Much of the supporting cast of coming-of-old-age comedy flick 'Last Vegas' are spotted on the red carpet at the comedy's New York premiere. Among them were the movie's director Jon Turteltaub, Romany Malco, Roger Bart and Jerry Ferrara.
Billy, Paddy, Archie and Sam may well be getting on in years physically but, on the inside, they haven't changed in 40 years, so when Billy announces his engagement to a woman half his age, it's only right that they should celebrate with one hell of a party trip. They take to Vegas in what they hope is a wild weekend on the Strip; they were kids once, they understand how it's done, right? Well, things have changed a lot since 1959 and they're about to be outdone for the first time in their lives by a new, younger generation of party animals - or are they? This bunch of retirees may yet surprise you!
'Last Vegas' is like a wonderful reversed coming of age story that really hammers in a great message that young people and older people have a lot more in common than they think. It has been directed by Jon Turteltaub ('National Treasure', 'While You Were Sleeping', 'The Kid'), written by Adam Brooks ('Practical Magic', 'Definitely, Maybe', 'French Kiss') and Dan Fogelman ('Crazy, Stupid, Love', 'Cars', 'Tangled') and features an Oscar winning main cast of veteran stars. It is set to hit UK cinema screens on November 8th 2013.
When 60-something-year-old Billy finally announces to his best friends Paddy, Archie and Sam that he's going to tie the knot once and for all, he is determined that his last days as a single man will be as wild as 1959. On a mission to raise the roof with an epic bachelor party, they land in Las Vegas where partying hard is law. However, the city is not how they left it; things have changed a lot since they were kids and they are about to be outdone by the youth of today as they embark on a riotous weekend that will test themselves, their friendships and how they see the world. On the other hand, age verification will unlikely be necessary.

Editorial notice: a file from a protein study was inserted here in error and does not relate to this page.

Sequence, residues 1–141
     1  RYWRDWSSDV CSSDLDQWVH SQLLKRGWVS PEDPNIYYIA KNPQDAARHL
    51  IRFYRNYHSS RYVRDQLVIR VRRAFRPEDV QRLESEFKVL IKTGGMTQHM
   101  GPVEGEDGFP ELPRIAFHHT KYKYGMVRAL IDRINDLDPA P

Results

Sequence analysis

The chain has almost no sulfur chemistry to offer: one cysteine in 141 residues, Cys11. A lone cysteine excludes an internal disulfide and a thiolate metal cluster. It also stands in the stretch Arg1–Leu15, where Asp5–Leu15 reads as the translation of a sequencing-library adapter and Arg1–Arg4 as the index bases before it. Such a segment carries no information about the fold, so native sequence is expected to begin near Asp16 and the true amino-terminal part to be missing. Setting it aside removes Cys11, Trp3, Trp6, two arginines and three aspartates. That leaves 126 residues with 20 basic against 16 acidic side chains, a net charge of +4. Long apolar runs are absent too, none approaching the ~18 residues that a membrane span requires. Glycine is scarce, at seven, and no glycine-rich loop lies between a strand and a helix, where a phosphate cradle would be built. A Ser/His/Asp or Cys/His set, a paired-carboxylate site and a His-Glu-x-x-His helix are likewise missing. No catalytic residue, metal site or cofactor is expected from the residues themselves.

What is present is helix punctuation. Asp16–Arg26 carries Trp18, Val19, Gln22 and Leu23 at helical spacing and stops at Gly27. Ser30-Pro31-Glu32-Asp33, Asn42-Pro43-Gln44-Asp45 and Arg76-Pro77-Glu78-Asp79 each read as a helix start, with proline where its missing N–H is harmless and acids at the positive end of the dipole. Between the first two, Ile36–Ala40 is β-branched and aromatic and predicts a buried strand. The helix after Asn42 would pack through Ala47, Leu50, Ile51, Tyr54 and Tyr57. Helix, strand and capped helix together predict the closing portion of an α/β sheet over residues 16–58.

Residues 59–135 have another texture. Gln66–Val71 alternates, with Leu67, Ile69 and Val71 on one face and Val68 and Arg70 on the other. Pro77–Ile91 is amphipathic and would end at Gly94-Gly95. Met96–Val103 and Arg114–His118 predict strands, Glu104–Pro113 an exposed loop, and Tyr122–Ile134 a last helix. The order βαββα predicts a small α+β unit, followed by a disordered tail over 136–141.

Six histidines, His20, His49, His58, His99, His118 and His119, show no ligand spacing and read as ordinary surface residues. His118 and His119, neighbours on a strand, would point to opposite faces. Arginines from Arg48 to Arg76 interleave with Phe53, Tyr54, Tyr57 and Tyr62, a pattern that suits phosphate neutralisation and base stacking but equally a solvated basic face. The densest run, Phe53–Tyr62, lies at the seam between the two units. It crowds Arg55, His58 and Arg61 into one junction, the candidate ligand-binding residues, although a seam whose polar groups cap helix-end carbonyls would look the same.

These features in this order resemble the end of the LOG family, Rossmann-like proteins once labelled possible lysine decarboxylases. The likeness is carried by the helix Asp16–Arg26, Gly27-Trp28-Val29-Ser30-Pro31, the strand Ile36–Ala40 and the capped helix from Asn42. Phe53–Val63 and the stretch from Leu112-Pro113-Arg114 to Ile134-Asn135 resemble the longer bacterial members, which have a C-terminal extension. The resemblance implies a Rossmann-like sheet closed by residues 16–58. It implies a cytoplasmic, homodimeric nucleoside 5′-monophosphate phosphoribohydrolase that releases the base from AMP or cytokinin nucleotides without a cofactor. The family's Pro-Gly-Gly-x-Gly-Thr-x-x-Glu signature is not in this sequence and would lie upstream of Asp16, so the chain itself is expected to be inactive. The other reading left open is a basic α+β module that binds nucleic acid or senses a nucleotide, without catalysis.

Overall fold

Continue: Last Vegas Trailer
Since their last adventure, things have changed rather significantly for Team Ben Gates (a null set Nicolas Cage). Our hero is continuing his treasure-hunting ways, but he's broken up with gal pal Abigail Chase (Diane Kruger). Papa Gates (a lost Jon Voight) has been helping sonny boy over his rough relationship patch, while tech wiz sidekick Riley Poole (a far too-wisecracking Justin Bartha) has published a book and is deep in debt to the IRS. When a mysterious figure named Mitch Wilkinson (Ed Harris) shows up, carrying a page out of John Wilkes Booth's diary implicating Gates' forefather in the assassination of Lincoln, the ancestors vow to clear his name. Turns out the long dead relative could have been trying to hide the location of the lost City of Gold -- Cibola -- from conspiring Confederate rebels. It's up to Gates to find the truth, and the vast wealth at the end of said quest.
Continue reading: National Treasure: Book Of Secrets Review
What if you really had the chance to change all of that? What if you could talk to yourself when you were only eight years old and explain how to take a stand for yourself, give the younger you understanding of why dad is so angry at the world, and give yourself hope for retaining individuality in a sea of conformity. In the new Disney film The Kid Russ Duritz gets that once in a lifetime chance.
Continue reading: The Kid (2000) Review
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